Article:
Weekly Takeaways-April 27, 2023
Updated: Jun 19
Theme of the Week
Back on the Horse Over the course of an eventful week the barriers to space were dramatically lowered. On Thursday, the largest rocket in human history flew for over 3 minutes before ending with a “rapid unscheduled disassembly.” Five days later, a private company attempted to join an exclusive club by putting a lander on the moon. On the face of it, these efforts were unsuccessful. But by all other metrics they were huge steps forwards. In the olden days (only a decade ago) space was the domain of government agencies. Their missions were infamous for being overly cautious, over budget and over schedule. Then came the new space paradigm: failure is an acceptable step towards success. All successful companies go through it – but unlike buggy beta software releases that are quietly patched later, space missions tend to be public and spectacular. Doesn’t matter that the ispace lunar lander likely crashed; they are already planning to return to the moon next year, joined by Astrobotics and Intuitive Machines later this year and Astrolabs in 2026. Of course, you have to be extra careful when it comes to sending humans into space. While the second Artemis mission will be nearly two years after the first successful mission, the next Starship test flight is expected within “a few months” with “hundreds of missions” before launching humans. When you have a long trail ahead, you can either wait for perfect conditions. Or you can start riding. Last Week's Theme: World Quantum Day Edition
Thales Alenia Space announced the TeQuantS quantum satellite “aimed at developing quantum space-to-Earth communications technologies,” with support from the European Space Agency (ESA), the French space agency CNES and Austrian space agency ALR.
India announced a $730M National Quantum Mission “to scale-up scientific & industrial R&D for quantum technologies."
The US Office of the Secretary of Defense requested $75M for a “Quantum Transition Acceleration” stating that “research and development of quantum technologies is critical to maintaining the nation’s technological superiority.”
Meanwhile, the US Air Force is requesting $55.4B to fund research, development, test and evaluation efforts in fiscal 2024.
The US Department of Homeland Security (DHS) Quadrennial Homeland Security Review includes a focus on emerging technologies like quantum and space with the goal of “expanding its technology scouting efforts to understand new developments from the private sector.”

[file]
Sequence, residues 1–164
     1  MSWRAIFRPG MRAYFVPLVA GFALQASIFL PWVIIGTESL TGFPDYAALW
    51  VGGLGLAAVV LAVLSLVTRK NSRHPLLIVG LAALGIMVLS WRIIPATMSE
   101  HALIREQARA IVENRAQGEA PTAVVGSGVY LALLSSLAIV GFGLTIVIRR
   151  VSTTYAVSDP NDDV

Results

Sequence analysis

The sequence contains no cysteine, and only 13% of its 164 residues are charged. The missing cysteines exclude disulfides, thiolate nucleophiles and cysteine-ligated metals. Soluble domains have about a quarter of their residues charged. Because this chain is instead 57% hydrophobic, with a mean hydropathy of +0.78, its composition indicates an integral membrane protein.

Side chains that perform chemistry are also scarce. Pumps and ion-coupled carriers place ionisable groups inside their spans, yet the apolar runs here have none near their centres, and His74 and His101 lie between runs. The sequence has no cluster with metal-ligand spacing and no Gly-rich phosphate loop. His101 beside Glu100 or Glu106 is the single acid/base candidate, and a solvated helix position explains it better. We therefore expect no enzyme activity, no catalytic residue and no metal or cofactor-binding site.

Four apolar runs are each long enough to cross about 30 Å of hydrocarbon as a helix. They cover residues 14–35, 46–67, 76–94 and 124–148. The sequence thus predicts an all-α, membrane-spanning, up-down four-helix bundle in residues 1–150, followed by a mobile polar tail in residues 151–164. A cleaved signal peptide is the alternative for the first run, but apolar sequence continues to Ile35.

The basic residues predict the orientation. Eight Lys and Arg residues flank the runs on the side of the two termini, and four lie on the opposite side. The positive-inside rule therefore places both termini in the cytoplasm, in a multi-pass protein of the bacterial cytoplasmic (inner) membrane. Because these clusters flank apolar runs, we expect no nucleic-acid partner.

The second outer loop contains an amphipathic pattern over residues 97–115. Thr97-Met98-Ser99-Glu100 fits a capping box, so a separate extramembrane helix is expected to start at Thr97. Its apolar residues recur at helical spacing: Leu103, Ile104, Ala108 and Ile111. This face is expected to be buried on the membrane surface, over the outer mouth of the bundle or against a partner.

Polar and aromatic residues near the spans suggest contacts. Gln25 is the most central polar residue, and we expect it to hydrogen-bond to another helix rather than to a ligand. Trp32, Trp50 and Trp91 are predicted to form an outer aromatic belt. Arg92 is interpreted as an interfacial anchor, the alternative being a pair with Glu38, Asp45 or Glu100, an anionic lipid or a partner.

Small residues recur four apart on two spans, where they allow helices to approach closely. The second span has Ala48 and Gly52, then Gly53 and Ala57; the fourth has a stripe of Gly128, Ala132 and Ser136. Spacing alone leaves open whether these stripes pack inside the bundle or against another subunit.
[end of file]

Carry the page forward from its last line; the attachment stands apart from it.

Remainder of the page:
The technology that enables the $700B smart city market continues to grow, but it also brings vulnerability, according to a “Cybersecurity Best Practices for Smart Cities” report: “The digital transformation of infrastructure can improve daily life, but increased connectivity may also expand attack surfaces and introduce new risks.”
Included in the recent leak of classified documents:
The Pentagon confirmed that Russia’s jamming of GPS was more effective than they originally let on: “A larger problem is that Russia is using GPS jamming to interfere with the weapons’ targeting process...American officials believe Russian jamming is causing the JDAMs, and at times other American weapons such as guided rockets, to miss their mark.”
As part of China's broader strategy to establish dominance in space by 2045, they are developing the capability “to seize control of a satellite, rendering it ineffective to support communications, weapons, or intelligence, surveillance, and reconnaissance systems.”
The More You Know...
Contested space and the need for commercial solutions was a common theme at Space Symposium:
The head of the US Space Force wants to “aggressively dismantle old processes and procedures” citing the concerns about anti-satellite weapons and grappling satellites.
The Center for Strategic and International Studies (CSIS) released their annual Space Threat Assessment that mentioned GPS 37 times and the Ukraine conflict: “Commercial space capabilities are making a significant contribution to the fight and have provided Ukraine access to space that they do not have organically. Commercial space has served as a great equalizer, allowing Ukrainian forces to have the necessary intelligence, surveillance, and reconnaissance and command and control.”
The Space Foundation estimated the value of the global space economy at $469B, with the commercial sector representing three-quarters of that and "roughly 55% higher than just a decade ago," even though space investment was non-existent until roughly five years ago, according to Quilty Analytics.
The Secure World Foundation released their 2023 Global Counterspace Capabilities Report that, not surprisingly, highlighted the “growing concern from multiple governments over the reliance on vulnerable space capabilities for national security, and the corresponding proliferation of offensive counterspace capabilities that could be used to disrupt, deny, degrade, or destroy space systems.”
The Pentagon’s chief technology officer stated their goal to “incorporate the incredible innovation ecosystem of the commercial space economy and link them into our joint warfighting concepts to access and accelerate capability adoption.”
The US government designated 16 critical infrastructure sectors “so vital to the United States that the incapacity or destruction of such systems and assets would have a debilitating impact.” But surprisingly, space isn’t on that list, so the Foundation for Defense of Democracies argues it is time to change that.